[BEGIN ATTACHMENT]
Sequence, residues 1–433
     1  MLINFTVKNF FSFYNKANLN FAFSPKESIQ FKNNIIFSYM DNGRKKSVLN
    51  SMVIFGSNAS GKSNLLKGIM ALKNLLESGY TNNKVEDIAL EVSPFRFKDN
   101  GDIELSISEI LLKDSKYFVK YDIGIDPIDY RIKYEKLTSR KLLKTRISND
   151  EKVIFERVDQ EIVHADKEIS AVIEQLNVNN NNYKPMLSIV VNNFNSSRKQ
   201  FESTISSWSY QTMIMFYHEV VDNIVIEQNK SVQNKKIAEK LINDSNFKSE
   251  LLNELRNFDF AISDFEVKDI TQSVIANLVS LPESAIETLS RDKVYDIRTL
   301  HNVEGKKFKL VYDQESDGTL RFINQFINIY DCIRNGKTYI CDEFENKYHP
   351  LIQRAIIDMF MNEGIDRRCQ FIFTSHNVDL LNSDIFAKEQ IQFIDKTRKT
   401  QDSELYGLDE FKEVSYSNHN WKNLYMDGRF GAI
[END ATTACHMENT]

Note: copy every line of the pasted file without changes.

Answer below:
Sequence, residues 1–433
     1  MLINFTVKNF FSFYNKANLN FAFSPKESIQ FKNNIIFSYM DNGRKKSVLN
    51  SMVIFGSNAS GKSNLLKGIM ALKNLLESGY TNNKVEDIAL EVSPFRFKDN
   101  GDIELSISEI LLKDSKYFVK YDIGIDPIDY RIKYEKLTSR KLLKTRISND
   151  EKVIFERVDQ EIVHADKEIS AVIEQLNVNN NNYKPMLSIV VNNFNSSRKQ
   201  FESTISSWSY QTMIMFYHEV VDNIVIEQNK SVQNKKIAEK LINDSNFKSE
   251  LLNELRNFDF AISDFEVKDI TQSVIANLVS LPESAIETLS RDKVYDIRTL
   301  HNVEGKKFKL VYDQESDGTL RFINQFINIY DCIRNGKTYI CDEFENKYHP
   351  LIQRAIIDMF MNEGIDRRCQ FIFTSHNVDL LNSDIFAKEQ IQFIDKTRKT
   401  QDSELYGLDE FKEVSYSNHN WKNLYMDGRF GAI